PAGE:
GB: I think we could have changed the narrative if we had just fixed the show. All things eventually get forgiven and forgotten, but that only would have happened if the show got fixed. It was actually the night of Chris’ accident that I had this epiphany that we had much, much deeper problems than I had been willing to entertain, up until that point.

AVC: Such as?

GB: We kept kind of nibbling at the edges to try and fix the show, and I realized about an hour before Chris’ accident that it was systemic, that something really big about the show needed to change if we were going to survive more than a couple more months. I was wandering in the downstairs lobby and I saw this boy come out of the men’s room with his mother. He just had such a miserable look on his face. For whatever reason, all my subconscious doubts got projected onto that boy’s face.


I realized we were letting a lot of people down. We were delivering a dark, not family-friendly night, and I understood how badly we had to make some big changes. It was right before the Christmas break, so a lot of people were about to take off for their vacation. The expectation by the cast and everybody else was that we would all come back, and there’d be major changes on the table. But because collaboration at that point had broken down, and there weren’t major changes, that’s when the slow, inevitable decline really set in.

Justin Matthew Sargent during the show’s final performance in January 2014 (Photo: Mike Coppola/Getty)

AVC: Was there a point where you felt like Julie Taymor was more of a detriment to Spider-Man than an asset?


GB: Almost inevitably during previews for a Broadway musical, several songs are cut and several new songs are written. Sometimes, the new songs are the best songs. There’s the famous story of “Comedy Tonight” for A Funny Thing Happened On The Way To The Forum being written out of town. There are hundreds of other examples of songs being changed and scenes rearranged.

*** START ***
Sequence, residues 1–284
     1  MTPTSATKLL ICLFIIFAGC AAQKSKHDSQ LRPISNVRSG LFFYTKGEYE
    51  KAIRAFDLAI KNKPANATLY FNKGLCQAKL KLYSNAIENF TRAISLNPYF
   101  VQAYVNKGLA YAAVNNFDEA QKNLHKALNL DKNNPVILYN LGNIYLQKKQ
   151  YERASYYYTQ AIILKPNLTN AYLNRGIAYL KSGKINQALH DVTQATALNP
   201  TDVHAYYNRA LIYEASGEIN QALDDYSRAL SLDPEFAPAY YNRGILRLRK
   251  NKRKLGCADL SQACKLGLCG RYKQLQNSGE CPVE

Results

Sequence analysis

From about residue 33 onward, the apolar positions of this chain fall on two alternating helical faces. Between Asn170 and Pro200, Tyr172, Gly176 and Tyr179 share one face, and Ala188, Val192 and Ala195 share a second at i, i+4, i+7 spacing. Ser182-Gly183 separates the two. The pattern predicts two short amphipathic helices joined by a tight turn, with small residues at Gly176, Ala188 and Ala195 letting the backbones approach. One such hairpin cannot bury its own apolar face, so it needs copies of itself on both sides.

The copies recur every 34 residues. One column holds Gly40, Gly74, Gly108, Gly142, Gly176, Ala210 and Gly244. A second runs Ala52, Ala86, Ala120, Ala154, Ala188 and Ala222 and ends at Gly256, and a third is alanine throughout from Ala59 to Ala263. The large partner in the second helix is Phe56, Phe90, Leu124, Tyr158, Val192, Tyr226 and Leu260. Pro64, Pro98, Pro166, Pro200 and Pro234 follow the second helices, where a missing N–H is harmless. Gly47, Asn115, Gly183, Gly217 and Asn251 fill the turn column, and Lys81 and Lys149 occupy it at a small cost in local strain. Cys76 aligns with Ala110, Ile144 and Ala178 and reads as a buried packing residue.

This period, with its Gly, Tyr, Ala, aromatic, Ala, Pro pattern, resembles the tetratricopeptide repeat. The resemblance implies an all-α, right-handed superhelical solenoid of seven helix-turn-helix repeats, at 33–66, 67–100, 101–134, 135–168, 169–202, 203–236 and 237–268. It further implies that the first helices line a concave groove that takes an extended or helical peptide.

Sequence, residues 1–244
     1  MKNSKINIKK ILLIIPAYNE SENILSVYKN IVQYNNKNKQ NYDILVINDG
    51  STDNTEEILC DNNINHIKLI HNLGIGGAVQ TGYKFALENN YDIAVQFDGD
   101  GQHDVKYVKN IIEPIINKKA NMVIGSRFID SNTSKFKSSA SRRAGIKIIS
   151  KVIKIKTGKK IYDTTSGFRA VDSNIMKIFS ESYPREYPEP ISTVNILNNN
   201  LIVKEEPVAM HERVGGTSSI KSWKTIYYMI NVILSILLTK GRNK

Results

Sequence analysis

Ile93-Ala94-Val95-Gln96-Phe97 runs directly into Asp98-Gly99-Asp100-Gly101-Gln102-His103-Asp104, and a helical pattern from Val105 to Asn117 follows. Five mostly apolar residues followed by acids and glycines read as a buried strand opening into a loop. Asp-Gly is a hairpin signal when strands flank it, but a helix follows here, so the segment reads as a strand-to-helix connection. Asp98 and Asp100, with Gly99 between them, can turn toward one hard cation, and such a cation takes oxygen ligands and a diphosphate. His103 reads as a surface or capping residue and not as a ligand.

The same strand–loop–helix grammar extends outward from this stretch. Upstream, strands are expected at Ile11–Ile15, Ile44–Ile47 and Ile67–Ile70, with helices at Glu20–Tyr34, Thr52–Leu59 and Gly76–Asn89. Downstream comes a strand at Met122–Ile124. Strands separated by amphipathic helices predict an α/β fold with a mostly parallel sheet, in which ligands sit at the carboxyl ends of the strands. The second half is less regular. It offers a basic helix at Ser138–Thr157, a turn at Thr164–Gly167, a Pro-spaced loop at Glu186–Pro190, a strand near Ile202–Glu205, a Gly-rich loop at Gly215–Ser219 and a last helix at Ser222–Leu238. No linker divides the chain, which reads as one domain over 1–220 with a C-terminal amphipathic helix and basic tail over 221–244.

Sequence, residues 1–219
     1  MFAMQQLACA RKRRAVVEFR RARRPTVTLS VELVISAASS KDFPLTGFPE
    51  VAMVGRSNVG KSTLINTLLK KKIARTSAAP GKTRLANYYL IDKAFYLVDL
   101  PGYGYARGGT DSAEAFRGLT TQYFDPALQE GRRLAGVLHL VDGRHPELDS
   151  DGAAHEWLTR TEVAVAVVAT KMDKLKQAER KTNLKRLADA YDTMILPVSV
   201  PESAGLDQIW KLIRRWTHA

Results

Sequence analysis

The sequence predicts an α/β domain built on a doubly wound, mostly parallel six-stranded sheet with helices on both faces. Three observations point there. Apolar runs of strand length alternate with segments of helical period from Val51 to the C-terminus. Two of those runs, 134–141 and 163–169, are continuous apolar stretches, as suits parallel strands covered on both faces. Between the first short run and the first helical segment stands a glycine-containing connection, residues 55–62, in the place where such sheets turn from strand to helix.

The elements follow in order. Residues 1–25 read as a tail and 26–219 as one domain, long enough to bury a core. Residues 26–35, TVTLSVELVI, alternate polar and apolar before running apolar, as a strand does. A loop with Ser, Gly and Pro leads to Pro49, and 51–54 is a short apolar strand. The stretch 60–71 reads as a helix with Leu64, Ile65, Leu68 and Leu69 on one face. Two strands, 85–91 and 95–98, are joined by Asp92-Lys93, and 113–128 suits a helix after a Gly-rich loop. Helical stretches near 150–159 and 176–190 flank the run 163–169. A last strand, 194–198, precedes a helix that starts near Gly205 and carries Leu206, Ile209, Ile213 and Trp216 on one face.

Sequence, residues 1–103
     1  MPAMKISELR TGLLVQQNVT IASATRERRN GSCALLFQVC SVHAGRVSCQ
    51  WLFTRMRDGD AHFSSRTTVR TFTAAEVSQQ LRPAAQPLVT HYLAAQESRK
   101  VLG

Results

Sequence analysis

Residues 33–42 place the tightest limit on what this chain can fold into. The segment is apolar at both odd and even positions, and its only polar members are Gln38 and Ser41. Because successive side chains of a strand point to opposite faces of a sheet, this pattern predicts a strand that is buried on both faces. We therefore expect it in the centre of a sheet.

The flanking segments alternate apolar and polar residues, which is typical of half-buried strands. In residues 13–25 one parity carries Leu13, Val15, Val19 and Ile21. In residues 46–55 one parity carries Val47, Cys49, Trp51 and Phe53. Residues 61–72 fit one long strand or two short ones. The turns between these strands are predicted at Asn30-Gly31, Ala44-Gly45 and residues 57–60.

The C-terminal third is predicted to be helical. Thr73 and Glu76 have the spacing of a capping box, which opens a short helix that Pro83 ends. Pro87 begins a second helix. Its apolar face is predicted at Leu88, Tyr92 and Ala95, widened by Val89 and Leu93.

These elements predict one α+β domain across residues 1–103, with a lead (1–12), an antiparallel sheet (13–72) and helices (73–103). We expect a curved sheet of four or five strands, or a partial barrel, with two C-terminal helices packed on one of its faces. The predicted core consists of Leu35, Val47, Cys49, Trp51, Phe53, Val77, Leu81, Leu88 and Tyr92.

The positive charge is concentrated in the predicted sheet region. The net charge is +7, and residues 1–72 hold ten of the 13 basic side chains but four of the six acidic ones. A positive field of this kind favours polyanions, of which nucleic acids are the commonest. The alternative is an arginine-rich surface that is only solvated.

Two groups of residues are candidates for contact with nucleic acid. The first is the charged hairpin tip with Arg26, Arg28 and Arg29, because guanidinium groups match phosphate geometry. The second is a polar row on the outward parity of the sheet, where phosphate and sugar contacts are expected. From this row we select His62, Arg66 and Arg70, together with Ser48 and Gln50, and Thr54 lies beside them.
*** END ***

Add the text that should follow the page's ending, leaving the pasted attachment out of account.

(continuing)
From our first preview to the day Julie left the show seven months later, not a single song was cut, which is kind of indicative of the rigidity that was setting in for one camp of the creators who felt like, “No, we came up with the perfect show. We just need to find a way to render it competently.”

AVC: When’s the last time you spoke to her?

GB: Right before my book came out, she called me wanting to know if I wrote anything she had to worry about. I hadn’t talked to her for a couple years at that point.


AVC: Do you have any indication as to her thoughts on the book?

GB: I don’t know if she’s read it. It’s hard to read something after you’ve thrown it across the room. [Laughs.] She sued the producers after she left the show, and I was included in her suit for wrongful termination.